Authors: Judy Greer
Before I ever went to Kennedy Elementary, I went to Gibson School for the Gifted, a private school for “gifted” students, as named. I like that they didn’t mess around when naming it. So many private schools beat around the bush with names like Dalton and Spence, why not just say what it is? Crosley School for Rich Kids, or the Teeter School for Troublemakers, Lionsfront Last Chance Before Juvie Academy. Aren’t we all thinking it anyway? At my gifted school for gifted students, we went to school until about 6:00 p.m., when they started to lock the doors and call the parents who hadn’t picked their kids up yet (maybe they should have named it Gibson School for Children with Busy Parents). It was an ethnically diverse school; most of the students had divorced parents or came from households where both parents worked (me). I remember that my friend Chris and I were always the last ones to get picked up. I hated leaving Chris when my mom got there first because his parents were divorced and he could never remember which one was supposed to show up, but I hated it more when I was the last one, mostly because I was eight years old and eight-year-olds aren’t usually that self-sacrificing. Chris could also be a little bit naughty. One day he wanted to start a gang, but since I was the only one left hanging around with him at the end of every day, it was just the two of us. He named us the Punk Rock Pick Lockers, and we managed, one time only, to pick a lock in the cafeteria and steal a mini carton of chocolate milk out of the refrigerator. I felt pretty cool after we picked our first lock but also completely scared we would get caught. And even though it was fun that day, I was certain that eventually Chris was going to get me in a lot of trouble. I couldn’t be in a gang with this boy, that was not a “gifted” thing to do. I tried a phaseout, but it was hard since we were still the last two kids to get picked up after school every day. Shortly after our one and only gang activity, Chris came to school with a homemade puzzle and tried to give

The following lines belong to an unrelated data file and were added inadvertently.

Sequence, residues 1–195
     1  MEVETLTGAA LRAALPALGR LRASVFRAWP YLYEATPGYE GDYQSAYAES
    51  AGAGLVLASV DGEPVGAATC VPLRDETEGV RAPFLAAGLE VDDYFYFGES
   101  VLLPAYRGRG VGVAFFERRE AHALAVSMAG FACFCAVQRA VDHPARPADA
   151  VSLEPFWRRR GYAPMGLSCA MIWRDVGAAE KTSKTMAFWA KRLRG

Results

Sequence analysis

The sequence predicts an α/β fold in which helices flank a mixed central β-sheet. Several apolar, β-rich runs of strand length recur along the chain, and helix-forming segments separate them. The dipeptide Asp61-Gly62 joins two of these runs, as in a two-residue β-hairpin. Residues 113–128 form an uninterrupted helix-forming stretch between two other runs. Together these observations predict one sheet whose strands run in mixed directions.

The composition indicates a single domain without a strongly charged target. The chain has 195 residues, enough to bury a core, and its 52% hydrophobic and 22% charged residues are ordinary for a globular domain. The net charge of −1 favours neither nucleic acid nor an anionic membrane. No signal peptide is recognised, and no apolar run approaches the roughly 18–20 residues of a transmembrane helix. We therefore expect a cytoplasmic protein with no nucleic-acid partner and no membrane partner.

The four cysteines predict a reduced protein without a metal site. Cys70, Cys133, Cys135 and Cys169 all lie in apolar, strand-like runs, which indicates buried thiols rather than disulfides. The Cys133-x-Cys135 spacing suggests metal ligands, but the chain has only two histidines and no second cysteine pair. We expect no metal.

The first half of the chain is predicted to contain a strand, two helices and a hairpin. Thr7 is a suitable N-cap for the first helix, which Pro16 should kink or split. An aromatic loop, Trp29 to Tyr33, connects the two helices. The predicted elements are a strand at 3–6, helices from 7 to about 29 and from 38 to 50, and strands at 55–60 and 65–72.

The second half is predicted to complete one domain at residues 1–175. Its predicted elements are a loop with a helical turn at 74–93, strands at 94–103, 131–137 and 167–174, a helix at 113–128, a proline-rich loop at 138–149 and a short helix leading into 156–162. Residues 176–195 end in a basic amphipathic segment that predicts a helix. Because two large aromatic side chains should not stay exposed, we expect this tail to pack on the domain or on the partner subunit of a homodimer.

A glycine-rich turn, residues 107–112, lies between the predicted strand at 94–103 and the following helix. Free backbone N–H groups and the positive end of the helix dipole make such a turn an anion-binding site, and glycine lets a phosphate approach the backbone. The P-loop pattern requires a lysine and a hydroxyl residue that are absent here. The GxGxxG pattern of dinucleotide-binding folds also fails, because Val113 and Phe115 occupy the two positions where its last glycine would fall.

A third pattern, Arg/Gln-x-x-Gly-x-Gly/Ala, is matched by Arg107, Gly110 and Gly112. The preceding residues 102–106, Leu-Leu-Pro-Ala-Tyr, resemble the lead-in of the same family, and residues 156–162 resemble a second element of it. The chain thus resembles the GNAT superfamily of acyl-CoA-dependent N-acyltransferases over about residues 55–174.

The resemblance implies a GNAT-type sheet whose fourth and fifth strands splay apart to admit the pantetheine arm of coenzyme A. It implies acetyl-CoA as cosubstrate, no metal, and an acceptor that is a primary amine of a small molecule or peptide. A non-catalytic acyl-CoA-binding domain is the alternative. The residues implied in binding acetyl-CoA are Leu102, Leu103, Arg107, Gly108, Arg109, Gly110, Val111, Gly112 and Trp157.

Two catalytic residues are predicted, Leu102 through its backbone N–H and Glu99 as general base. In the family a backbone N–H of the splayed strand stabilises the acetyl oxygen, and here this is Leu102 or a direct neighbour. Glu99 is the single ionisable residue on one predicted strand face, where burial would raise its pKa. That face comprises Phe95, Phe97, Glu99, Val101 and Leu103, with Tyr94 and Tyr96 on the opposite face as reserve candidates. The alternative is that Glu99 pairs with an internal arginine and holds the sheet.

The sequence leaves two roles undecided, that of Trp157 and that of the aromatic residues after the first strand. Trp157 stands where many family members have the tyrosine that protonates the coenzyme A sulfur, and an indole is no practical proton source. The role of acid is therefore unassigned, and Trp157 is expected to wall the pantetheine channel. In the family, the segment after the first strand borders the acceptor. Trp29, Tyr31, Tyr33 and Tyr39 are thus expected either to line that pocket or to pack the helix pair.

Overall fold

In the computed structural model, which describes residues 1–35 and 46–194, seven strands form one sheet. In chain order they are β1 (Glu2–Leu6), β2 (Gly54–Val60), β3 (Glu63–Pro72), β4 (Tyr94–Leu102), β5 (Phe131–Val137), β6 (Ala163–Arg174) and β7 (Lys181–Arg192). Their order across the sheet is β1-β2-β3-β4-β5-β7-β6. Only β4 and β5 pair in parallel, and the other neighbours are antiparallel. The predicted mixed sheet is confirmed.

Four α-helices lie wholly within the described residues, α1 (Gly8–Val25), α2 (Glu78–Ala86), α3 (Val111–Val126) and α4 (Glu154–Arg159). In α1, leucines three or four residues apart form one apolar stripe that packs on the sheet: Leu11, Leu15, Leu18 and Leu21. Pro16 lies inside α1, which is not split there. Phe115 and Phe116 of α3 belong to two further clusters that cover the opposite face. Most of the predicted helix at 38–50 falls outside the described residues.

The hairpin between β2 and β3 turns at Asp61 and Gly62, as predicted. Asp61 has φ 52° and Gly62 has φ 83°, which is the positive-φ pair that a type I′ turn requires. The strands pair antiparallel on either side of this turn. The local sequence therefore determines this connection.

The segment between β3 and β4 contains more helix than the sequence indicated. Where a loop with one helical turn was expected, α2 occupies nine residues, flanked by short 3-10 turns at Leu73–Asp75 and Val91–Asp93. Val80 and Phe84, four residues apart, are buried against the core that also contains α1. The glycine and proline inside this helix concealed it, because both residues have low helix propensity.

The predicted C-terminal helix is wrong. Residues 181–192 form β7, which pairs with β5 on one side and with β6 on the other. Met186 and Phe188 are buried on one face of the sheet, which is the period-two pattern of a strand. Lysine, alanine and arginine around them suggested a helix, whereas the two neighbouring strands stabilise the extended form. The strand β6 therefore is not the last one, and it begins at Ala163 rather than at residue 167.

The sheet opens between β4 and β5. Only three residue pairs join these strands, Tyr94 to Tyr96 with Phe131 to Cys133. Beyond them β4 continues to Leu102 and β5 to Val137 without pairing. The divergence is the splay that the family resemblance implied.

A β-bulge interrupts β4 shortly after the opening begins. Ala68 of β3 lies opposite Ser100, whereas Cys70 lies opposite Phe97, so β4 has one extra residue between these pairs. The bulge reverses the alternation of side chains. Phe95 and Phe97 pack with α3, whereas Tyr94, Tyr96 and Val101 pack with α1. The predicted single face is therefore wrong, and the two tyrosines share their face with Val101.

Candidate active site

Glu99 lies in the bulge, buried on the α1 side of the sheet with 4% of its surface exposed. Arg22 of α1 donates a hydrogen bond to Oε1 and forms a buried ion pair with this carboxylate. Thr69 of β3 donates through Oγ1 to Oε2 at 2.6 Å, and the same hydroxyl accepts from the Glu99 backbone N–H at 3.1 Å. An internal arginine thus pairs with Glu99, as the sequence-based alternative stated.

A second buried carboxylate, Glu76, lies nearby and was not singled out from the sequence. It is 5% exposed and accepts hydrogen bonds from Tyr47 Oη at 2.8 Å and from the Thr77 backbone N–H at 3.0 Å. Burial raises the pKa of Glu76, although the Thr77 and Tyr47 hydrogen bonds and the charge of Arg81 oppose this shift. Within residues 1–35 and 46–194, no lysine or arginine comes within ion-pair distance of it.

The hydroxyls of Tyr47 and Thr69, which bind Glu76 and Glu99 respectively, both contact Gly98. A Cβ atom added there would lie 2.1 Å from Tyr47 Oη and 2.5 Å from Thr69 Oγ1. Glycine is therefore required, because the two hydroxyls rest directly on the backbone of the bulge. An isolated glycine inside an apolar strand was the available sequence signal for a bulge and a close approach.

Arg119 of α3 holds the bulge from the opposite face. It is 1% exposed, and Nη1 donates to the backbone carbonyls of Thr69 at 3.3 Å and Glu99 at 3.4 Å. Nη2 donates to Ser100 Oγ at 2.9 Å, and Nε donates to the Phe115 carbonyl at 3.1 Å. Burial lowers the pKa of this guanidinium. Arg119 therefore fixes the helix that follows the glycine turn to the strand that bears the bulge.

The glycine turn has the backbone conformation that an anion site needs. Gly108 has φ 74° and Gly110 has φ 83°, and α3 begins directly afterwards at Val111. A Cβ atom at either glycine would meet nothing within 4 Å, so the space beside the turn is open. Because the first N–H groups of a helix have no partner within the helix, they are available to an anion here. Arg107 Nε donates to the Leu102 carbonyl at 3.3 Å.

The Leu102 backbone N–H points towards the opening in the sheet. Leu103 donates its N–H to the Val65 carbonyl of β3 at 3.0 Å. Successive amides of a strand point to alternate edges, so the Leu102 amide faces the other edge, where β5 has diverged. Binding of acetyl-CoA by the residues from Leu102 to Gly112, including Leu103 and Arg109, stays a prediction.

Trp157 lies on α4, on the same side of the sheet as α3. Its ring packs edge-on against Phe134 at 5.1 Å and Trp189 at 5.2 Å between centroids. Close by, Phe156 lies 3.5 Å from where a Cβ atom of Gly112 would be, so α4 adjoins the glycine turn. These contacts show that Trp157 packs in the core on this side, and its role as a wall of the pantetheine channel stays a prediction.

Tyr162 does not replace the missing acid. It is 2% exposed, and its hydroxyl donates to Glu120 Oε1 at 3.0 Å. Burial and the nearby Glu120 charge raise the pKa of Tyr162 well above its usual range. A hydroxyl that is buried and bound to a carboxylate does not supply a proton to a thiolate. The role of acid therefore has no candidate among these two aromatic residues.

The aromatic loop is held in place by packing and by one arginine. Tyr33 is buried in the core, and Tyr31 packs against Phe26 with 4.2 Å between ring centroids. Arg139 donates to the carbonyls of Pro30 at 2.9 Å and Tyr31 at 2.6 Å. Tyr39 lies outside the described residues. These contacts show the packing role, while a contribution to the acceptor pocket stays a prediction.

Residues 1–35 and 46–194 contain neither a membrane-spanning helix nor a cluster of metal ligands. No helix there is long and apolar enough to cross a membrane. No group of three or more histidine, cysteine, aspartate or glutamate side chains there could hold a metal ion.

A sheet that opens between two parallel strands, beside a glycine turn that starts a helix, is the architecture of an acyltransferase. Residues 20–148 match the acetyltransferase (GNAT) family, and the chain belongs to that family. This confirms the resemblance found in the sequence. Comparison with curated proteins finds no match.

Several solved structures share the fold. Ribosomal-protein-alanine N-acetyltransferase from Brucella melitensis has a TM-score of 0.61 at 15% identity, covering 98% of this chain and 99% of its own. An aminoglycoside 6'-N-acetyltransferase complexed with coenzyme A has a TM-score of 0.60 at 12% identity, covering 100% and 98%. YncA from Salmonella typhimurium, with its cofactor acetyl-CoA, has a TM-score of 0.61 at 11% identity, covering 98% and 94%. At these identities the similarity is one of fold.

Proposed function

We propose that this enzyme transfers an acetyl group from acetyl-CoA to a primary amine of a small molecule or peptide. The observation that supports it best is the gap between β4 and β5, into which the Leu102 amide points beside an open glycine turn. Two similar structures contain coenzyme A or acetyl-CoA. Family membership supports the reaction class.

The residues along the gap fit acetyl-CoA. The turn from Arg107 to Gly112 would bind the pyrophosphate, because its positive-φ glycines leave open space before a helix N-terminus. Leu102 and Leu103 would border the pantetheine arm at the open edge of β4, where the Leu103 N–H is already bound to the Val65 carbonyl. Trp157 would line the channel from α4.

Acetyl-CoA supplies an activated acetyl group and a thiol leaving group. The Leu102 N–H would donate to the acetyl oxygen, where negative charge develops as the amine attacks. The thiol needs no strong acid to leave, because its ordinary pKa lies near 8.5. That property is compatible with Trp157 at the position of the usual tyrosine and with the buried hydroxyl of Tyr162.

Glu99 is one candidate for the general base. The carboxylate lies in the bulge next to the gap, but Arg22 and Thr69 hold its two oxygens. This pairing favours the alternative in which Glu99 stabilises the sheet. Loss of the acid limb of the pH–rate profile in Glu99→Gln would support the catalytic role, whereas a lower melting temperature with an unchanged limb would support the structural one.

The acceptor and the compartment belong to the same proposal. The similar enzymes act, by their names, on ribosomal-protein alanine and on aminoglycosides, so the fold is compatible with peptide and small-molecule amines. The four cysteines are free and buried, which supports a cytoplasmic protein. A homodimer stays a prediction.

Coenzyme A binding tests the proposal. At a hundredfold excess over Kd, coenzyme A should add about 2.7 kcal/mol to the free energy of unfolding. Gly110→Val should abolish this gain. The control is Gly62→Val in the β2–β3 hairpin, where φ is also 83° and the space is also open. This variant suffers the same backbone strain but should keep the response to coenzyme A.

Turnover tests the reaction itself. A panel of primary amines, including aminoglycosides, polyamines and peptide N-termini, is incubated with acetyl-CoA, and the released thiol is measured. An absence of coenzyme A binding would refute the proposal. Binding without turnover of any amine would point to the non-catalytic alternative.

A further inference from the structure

it to me. I refused, trying to make my motives clear. We could still hang out in the bookbinding corner after class, but accepting handmade gifts was where I drew the line. I could tell I hurt his feelings when I marched away from him, but I didn’t care. I needed boundaries if I wasn’t going to pursue a life of crime with him. That night when his dad finally came to pick Chris up, his dad found me and gave me the puzzle himself, telling me that Chris spent a lot of time making that puzzle for me and I should keep it. I put it together when they left and it said “I love you” on it. I felt terrible. I didn’t know Chris
me. I thought we were just friends and fellow gang members.
Now what do I do?
Do I have to love him back? Or make him a puzzle that says, “OK …”?
When my parents pulled me out of Gibson after third grade, I didn’t talk to Chris again until he magically showed up late in high school dating a tiny dancer I knew from the arts program. I was so happy to see his face, and happier to see that he didn’t end up in jail, but we never really picked up where we left off and lost touch for good when I moved to Chicago.
I didn’t want to change schools when I was at Gibson—that was my parents’ idea. Even though my new school was just a short walk from our house, I did
want to go. I had friends at Gibson, they were all different colors, and probably brilliant and gifted and talented, but I didn’t care about that stuff—they were my friends, and I didn’t want to leave them. Everyone at public school seemed so average and white to me. My parents promised if I hated it, I could go back to Gibson, but they lied. Now that I’m an adult, I can’t really blame them—it was expensive and a long drive—but still, for the record, they lied.
Once I left my special school, I never liked school again. It was all so normal. There were desks in rows, lesson plans, bells, after-school clubs that you had to be
into. What’s that all